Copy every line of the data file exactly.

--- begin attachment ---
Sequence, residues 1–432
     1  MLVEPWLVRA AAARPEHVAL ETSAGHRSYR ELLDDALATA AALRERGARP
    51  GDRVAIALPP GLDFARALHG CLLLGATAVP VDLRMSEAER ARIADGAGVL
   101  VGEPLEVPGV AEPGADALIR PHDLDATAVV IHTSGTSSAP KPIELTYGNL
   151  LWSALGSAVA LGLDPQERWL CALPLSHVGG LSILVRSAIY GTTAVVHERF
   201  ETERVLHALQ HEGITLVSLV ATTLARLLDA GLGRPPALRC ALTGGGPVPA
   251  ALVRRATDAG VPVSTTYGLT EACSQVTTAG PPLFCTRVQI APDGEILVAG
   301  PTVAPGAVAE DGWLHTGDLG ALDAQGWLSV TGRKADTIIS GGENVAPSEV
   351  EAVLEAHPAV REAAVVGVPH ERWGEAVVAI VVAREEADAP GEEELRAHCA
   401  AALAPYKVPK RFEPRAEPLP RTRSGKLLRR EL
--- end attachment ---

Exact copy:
Sequence, residues 1–432
     1  MLVEPWLVRA AAARPEHVAL ETSAGHRSYR ELLDDALATA AALRERGARP
    51  GDRVAIALPP GLDFARALHG CLLLGATAVP VDLRMSEAER ARIADGAGVL
   101  VGEPLEVPGV AEPGADALIR PHDLDATAVV IHTSGTSSAP KPIELTYGNL
   151  LWSALGSAVA LGLDPQERWL CALPLSHVGG LSILVRSAIY GTTAVVHERF
   201  ETERVLHALQ HEGITLVSLV ATTLARLLDA GLGRPPALRC ALTGGGPVPA
   251  ALVRRATDAG VPVSTTYGLT EACSQVTTAG PPLFCTRVQI APDGEILVAG
   301  PTVAPGAVAE DGWLHTGDLG ALDAQGWLSV TGRKADTIIS GGENVAPSEV
   351  EAVLEAHPAV REAAVVGVPH ERWGEAVVAI VVAREEADAP GEEELRAHCA
   401  AALAPYKVPK RFEPRAEPLP RTRSGKLLRR EL